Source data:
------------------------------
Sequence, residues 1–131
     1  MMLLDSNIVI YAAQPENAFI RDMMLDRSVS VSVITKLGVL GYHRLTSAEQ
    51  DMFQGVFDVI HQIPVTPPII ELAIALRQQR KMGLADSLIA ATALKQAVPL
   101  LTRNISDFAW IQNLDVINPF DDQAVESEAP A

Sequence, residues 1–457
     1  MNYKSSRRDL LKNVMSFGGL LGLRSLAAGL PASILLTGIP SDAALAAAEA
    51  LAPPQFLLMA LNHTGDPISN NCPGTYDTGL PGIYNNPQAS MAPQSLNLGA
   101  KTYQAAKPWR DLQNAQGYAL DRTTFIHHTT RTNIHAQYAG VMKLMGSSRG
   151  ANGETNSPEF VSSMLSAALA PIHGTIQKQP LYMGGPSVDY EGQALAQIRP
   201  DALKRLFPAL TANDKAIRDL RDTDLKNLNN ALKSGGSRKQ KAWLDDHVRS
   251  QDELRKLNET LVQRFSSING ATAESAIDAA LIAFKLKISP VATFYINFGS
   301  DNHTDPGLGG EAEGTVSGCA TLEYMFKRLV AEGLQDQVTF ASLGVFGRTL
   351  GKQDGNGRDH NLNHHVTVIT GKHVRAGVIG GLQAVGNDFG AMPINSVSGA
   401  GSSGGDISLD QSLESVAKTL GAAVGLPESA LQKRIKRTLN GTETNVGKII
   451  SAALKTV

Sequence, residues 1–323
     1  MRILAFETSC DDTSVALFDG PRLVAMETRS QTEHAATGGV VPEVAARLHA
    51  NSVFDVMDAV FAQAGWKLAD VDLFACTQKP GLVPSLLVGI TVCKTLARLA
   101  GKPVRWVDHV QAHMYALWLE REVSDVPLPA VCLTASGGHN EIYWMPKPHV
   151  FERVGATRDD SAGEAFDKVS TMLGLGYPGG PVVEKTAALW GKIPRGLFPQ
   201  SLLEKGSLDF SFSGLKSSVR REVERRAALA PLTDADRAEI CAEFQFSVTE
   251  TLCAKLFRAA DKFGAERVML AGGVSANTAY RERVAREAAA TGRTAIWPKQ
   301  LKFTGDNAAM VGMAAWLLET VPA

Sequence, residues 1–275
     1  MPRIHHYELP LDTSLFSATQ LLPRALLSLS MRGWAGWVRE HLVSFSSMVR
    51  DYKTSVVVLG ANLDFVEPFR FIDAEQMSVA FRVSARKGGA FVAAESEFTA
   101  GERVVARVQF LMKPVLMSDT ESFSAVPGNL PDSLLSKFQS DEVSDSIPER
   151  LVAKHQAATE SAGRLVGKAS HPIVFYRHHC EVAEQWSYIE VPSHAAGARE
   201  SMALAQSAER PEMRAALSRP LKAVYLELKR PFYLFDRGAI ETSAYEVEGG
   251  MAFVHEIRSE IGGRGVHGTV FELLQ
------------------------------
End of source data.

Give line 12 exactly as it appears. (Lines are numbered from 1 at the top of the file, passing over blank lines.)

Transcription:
   301  DNHTDPGLGG EAEGTVSGCA TLEYMFKRLV AEGLQDQVTF ASLGVFGRTL